A large deciduous shrub with ribbed densely hairy branches with straight or hooked up to 4 mm long prickles; leaf bippinate with up to 25 cm long rachis; pinnae 5-12 pairs, leaflets (pinnules) 6-15 pairs, 3-8 mm long; flowers pink fading to white in 12-15 mm across heads on up to 6 cm long peduncle, forming panicle; pod up to 10 cm long, 4-10 jointed, glabrous, with few prickles on sutures.
 
May be confused but easily differentiated from M. hamata, latter has shorter rachis (up to 5 cm long), few pairs of pinnae (3-6 pairs), fewer leaflets (6-10 pairs), smaller in size (2-3 mm long) in; shorter peduncle (2-3.5 cm) and shorter falcate pod (6-7 cm), velvety and densely prickly on sutures.  

  

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Flora of Panipat: Mimosa himalayana from Canal Bank Village Lohari Panipat Mimosa himalayana from Canal Bank Village Lohari Panipat
Small wild tree with beautiful flowers


 

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Mimosa himalayana from near Nagrota J & K: Mimosa himalayana Gamble in Kew Bull. 1920: 4. 1920.

syn: Mimosa rubricaulis sensu auct.; Mimosa rubricaulis subsp. himalayana (Gamble) H.Ohashi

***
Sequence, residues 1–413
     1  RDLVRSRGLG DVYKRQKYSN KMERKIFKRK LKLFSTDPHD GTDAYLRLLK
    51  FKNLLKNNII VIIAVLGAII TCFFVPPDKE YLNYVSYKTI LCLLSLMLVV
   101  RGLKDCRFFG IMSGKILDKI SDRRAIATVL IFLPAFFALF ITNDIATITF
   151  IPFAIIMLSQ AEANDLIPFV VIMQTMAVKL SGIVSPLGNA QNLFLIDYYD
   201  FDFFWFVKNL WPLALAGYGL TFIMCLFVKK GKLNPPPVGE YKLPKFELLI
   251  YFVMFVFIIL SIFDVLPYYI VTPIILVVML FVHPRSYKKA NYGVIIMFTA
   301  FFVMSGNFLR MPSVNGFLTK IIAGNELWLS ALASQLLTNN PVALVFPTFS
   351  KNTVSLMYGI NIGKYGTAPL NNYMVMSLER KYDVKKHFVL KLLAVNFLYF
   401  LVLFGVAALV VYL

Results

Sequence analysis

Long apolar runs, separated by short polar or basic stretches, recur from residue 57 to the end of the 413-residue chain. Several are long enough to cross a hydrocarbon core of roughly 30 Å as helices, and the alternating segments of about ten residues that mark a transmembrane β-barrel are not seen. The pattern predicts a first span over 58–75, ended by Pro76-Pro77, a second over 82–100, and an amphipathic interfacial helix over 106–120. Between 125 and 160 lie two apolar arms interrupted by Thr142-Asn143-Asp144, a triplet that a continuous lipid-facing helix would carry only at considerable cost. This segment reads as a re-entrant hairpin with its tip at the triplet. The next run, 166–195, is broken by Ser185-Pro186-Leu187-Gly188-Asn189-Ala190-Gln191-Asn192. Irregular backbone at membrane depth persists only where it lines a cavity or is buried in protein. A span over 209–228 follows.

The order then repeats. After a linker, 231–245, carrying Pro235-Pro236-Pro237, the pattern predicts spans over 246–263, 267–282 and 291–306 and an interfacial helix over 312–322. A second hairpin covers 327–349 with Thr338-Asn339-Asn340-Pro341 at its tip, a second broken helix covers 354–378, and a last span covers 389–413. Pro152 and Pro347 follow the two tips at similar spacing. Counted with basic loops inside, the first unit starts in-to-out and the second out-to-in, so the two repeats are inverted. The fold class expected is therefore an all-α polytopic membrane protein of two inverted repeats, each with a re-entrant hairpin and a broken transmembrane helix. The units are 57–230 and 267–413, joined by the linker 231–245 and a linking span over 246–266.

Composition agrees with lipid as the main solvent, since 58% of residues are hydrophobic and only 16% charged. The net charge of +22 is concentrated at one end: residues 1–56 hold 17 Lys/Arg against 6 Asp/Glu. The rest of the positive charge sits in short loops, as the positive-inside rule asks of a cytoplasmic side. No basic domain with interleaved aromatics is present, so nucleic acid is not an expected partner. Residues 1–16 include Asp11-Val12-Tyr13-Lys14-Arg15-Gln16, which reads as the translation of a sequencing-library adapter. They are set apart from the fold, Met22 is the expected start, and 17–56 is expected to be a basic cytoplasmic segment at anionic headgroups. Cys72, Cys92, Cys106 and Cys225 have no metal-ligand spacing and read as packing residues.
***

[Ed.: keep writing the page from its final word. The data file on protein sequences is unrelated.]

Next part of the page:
A large deciduous shrub with ribbed densely hairy branches with straight or hooked up to 4 mm long prickles; leaf bippinate with up to 25 cm long rachis; pinnae 5-12 pairs, leaflets (pinnules) 6-15 pairs, 3-8 mm long; flowers pink fading to white in 12-15 mm across heads on up to 6 cm long peduncle, forming panicle; pod up to 10 cm long, 4-10 jointed, glabrous, with few prickles on sutures.
May be confused but easily differentiated from M. hamata, latter has shorter rachis (up to 5 cm long), few pairs of pinnae (3-6 pairs), fewer leaflets (6-10 pairs), smaller in size (2-3 mm long) in; shorter peduncle (2-3.5 cm) and shorter falcate pod (6-7 cm), velvety and densely prickly on sutures.
Photographed from Near Nagrota (10 km from Jammu) in J & K in August


Any member having access to the following publication may help in knowing differences from typical M. rubicaulis

Bulletin of Miscellaneous Information (Royal Gardens, Kew) © 1920 Royal Botanic Gardens, Kew
The Indian species of Mimosa by J S Gamble


I too have photographed these a little after leaving Jammu.
You could see a number of them along the National highway at a particular altitude.
Did not find them after climbing higher up to Patni Top.


Yes … Common in subtropical Himalayas


Common in Haryana also along bank of canals etc
attaching some pics


Google search gave me a small peep into Jastor Gamble original paper:

Gamble differentiated this species on the basis of 8-12 pairs of pinnae, each pinna with 16-20 pairs of leaflets most commonly 19, and pod acuminate in most cases.


Kindly find attached The Indian species of Mimosa by J S Gamble.


images by Dr. Balkar Singh

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M. rubicaulis from IOCL Panipat Canal: Mimosa rubicaulis
small tree found along canal banks, photo 24-10-2006